At Real Madrid they have already erected a tented scaffold in one of the stands at the Estadio Santiago Bernabéu, a small stage upon which they hope the football world will focus later this week. Gareth Bale, the Cardiff boy who made good at Tottenham Hotspur, is set to be unveiled as the world's first €100m (£86m) footballer barring an unlikely counter bid from Manchester United. The Spanish economy may be wheezing in recession, but Real are intent upon bucking the trend.

Even by Real's standards the fee is staggering, considering this is a player who was almost sold by Tottenham Hotspur for next-to-nothing just four years ago and who has played only one season in Europe's elite competition, the Champions League. It is made more extraordinary because the Welsh international is likely never to feature in a World Cup: the ultimate marketing vehicle for the stars of the game – and their clubs.

But Real Madrid have been wooed by his recent consistent brilliance at White Hart Lane with the 24-year-old duly named both footballer of the year and young footballer of the year by his fellow professionals in April, having finished last season with 31 goals in all competitions. His move would eclipse the £80m paid by Real to take Ronaldo from Manchester United in 2009.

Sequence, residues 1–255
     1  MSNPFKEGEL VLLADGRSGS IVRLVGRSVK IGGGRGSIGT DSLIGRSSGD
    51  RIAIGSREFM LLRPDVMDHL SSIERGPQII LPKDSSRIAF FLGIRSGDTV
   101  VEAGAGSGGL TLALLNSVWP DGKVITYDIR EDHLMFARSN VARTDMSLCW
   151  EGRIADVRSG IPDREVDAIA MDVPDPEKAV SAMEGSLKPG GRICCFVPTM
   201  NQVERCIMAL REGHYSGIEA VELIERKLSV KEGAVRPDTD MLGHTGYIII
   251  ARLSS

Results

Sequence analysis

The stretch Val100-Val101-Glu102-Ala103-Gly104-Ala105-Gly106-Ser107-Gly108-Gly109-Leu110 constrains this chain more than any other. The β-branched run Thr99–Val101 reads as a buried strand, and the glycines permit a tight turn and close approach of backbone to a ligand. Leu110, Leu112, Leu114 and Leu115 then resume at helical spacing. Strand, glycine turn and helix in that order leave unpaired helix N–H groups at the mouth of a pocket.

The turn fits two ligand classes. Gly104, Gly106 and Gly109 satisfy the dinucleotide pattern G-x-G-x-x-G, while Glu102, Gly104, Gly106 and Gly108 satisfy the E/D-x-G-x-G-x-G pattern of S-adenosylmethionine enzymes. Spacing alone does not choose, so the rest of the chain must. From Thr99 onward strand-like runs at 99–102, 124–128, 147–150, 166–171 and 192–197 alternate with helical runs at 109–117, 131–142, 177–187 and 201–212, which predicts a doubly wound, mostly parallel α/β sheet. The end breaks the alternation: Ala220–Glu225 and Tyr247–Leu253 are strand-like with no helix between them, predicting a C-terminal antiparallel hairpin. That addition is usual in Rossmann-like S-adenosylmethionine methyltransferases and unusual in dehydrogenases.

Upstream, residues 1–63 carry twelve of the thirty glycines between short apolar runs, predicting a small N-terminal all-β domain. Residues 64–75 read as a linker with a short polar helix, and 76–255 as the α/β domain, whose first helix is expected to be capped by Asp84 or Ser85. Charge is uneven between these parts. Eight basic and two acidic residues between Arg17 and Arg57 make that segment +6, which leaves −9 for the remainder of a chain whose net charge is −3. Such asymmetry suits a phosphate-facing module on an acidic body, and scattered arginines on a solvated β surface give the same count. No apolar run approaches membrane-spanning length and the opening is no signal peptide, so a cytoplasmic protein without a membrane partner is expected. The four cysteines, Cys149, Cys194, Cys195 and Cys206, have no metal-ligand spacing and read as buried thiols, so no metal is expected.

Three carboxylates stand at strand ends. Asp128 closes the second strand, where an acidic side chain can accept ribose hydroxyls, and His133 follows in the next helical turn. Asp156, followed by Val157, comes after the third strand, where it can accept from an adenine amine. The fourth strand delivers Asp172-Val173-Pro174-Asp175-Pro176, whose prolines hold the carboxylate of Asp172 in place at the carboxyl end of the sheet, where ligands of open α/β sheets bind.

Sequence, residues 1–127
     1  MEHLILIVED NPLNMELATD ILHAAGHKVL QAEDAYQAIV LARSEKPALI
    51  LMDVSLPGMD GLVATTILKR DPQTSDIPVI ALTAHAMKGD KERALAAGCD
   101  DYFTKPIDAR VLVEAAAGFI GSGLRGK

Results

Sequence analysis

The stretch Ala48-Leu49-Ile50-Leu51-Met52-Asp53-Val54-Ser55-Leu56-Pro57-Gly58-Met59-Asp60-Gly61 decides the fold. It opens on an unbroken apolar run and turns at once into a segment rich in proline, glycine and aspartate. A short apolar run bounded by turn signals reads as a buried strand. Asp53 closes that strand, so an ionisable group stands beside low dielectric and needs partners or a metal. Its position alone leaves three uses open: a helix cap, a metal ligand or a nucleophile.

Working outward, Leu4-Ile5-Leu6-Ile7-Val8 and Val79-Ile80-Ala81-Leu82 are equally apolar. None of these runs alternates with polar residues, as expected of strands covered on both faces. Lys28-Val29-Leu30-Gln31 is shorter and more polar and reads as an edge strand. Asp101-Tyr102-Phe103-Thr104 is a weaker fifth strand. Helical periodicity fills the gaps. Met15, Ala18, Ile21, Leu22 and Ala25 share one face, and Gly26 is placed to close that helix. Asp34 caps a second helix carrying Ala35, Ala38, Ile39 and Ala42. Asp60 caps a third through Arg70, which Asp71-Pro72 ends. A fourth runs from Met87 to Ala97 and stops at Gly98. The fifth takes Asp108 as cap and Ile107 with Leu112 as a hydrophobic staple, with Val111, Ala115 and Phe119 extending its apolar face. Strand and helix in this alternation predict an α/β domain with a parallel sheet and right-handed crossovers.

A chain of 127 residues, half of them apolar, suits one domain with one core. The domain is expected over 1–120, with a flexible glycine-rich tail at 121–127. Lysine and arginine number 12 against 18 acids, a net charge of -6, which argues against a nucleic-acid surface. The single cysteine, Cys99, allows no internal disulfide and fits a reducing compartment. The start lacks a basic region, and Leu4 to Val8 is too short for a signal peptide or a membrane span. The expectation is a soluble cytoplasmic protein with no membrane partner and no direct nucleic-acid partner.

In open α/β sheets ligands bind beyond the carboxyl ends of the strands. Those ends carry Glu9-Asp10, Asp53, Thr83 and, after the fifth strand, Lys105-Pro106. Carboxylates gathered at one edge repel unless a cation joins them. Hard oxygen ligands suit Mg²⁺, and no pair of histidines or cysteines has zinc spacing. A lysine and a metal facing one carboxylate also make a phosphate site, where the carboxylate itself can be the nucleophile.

Completion of the transfer would be the high water mark of an unprecedented summer of spending across elite European football, as competing oligarchs buoyed by the soaring value of TV deals have lifted spending power across the continent's biggest clubs.

The Premier League may be about to lose one of its leading lights, but English top flight clubs have still forked out over £460m on players in the current transfer window. That figure will expand further ahead of next Monday's 11pm deadline for deals to be done, and should break the previous record of around £500m, established in 2008, for a single window's business.

A new £5.5bn television deal guarantees the Premier League's bottom club £63m – more than the champions, Manchester United, earned from the broadcasting pot last season. There is more money pouring into the top division than ever before and that is reflected in transfer fees that are often an expression of power in the game.